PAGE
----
April 11, 2018 | David F. Coppedge

Astrobiology Still Has No Biology

Number of worlds beyond Earth where life has been discovered: zero. Number of optimistic articles about life in outer space: hundreds per year.

What happens when you take “bio” out of the fake science called Astrobiology? It becomes a pseudoscience. Since there is no “bio” yet found beyond earth, except in the imaginations of storytellers who believe in evolution, maybe that is a more accurate label. Here are some samples of fact-free, evidence-free stories circulating on science news sites.

New AI Program Classifies Planets and Predicts Probability of Life (Space.com). Samantha Mathewson writes, “Researchers have developed a new technique that uses artificial intelligence to classify planets and, in turn, determine whether life may exist on other worlds.” Should anyone remind readers that AI is a form of intelligent design? NASA’s Astrobiology Magazine reprinted this fact-free article. Did they use taxpayer dollars?

Global radar map of Venus (JPL)

Could Life Exist in the Clouds of Venus? (Space.com). The short answer is, No. The headline employs the power of suggestion. Readers are tempted to open their imaginations up to Leonard David’s suggestive hints: ‘The clouds of Venus could have environmental conditions conducive to microbial life, some researchers say.” Well, those researchers are wrong, because the burden of proof in science is evidence. If our take on Science Daily‘s coverage is spot on, NASA is looking to justify funding for a sample return mission so that they can find nothing.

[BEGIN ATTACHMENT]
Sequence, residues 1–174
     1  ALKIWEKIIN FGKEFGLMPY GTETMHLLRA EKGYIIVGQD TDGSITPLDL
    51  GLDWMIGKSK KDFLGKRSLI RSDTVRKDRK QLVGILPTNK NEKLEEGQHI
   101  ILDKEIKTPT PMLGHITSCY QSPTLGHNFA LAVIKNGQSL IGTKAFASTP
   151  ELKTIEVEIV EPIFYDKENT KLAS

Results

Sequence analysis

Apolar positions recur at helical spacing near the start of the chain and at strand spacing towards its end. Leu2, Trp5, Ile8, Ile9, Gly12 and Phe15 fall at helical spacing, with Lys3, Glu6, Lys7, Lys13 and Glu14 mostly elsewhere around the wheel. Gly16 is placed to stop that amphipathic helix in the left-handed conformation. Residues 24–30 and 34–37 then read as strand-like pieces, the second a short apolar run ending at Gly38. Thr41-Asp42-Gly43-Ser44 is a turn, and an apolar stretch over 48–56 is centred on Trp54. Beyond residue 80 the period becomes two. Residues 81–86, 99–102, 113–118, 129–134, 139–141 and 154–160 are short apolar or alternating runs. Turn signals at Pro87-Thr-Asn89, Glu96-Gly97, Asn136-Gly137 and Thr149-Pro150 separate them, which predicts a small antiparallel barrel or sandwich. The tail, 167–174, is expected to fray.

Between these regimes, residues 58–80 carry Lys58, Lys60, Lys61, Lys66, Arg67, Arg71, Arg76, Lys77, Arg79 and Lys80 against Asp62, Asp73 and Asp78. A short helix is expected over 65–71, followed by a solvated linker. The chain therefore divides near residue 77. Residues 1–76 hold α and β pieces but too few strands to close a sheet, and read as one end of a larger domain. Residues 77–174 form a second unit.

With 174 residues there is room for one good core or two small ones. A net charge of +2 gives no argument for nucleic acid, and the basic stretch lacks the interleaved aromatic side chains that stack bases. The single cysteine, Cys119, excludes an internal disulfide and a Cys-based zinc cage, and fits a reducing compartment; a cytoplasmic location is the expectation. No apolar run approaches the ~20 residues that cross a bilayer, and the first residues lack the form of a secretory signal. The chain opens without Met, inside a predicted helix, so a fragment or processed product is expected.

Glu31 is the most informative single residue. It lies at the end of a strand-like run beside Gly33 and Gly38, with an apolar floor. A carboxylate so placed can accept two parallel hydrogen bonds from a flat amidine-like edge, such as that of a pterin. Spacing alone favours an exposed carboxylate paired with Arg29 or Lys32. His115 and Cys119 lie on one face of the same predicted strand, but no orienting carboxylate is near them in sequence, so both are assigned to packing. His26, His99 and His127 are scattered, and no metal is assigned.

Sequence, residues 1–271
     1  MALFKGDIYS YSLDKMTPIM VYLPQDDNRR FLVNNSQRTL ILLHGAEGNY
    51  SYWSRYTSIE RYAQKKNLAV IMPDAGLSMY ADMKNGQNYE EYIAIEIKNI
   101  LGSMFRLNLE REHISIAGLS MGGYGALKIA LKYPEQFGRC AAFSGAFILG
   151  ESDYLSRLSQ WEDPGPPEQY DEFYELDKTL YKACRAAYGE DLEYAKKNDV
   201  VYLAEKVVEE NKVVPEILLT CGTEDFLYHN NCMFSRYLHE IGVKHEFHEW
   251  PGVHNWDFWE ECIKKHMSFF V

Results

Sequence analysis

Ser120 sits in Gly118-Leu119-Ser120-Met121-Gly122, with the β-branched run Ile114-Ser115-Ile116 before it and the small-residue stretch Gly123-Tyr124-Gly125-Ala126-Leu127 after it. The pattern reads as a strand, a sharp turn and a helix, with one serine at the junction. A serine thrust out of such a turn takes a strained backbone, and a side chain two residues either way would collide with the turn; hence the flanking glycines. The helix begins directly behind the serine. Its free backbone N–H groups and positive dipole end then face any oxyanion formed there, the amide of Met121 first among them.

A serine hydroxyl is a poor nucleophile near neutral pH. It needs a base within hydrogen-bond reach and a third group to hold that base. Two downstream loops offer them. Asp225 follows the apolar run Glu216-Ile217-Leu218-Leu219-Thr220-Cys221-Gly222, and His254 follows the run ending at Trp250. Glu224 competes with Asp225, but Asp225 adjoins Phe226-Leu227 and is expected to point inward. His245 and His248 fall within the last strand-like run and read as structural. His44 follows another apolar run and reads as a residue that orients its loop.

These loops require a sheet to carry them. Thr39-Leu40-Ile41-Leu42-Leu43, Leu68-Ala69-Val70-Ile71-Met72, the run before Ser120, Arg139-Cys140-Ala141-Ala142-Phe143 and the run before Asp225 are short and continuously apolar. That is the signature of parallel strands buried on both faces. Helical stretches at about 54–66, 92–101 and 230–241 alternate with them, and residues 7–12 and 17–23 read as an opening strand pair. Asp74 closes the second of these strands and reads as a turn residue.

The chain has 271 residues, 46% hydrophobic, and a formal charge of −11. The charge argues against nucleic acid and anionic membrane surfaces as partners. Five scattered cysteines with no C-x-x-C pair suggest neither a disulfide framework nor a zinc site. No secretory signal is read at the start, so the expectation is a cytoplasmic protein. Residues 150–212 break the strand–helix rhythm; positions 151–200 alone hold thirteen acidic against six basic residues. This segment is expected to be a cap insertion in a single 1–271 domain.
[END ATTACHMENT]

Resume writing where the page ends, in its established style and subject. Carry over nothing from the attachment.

Drake Equation: Estimating the Odds of Finding E.T. (Space.com). Elizabeth Howell dredges up the old equation that Frank Drake concocted to estimate how many space aliens exist. She oogles all the exoplanets out there and imagines them teeming with life. Did anyone tell her that the late famous origin-of-life researcher Leslie Orgel said that you could plug in any values you want into the equation, and it would be just as valid as anyone else’s guess? See also the article on Evolution News by Cornelius Hunter, “Updating the Drake Equation.”

Paucity of phosphorus hints at precarious path for extraterrestrial life (Phys.org). Here’s one article that tries to tone down the optimism a little, noting that unless an exoplanet has abundant phosphorus, it’s not likely to be habitable. “Work by Cardiff University astronomers suggests there may be a cosmic lack of a chemical element essential to life.” Phosphorus is essential in nucleic acids, the informational molecules, and ATP, the energy molecule used by life as we know it. It doesn’t appear that the Crab Nebula supernova produced much of it. This led Live Science to title its coverage, “Why Extraterrestrial Life May Be More Unlikely Than Scientists Thought.

Life on nearest exoplanet may have been wiped out by superflare (New Scientist). Here’s a reality check for optimists. Any planet orbiting our nearest neighboring star, Proxima Centauri, lost its habitability, illustrating that many stars are not as nice as our sun. “Astronomers have seen the star emit a superflare that briefly made it 68 times brighter than usual, and could expose any life on the surface of its orbiting Earth-sized planet to fatal levels of UV radiation.”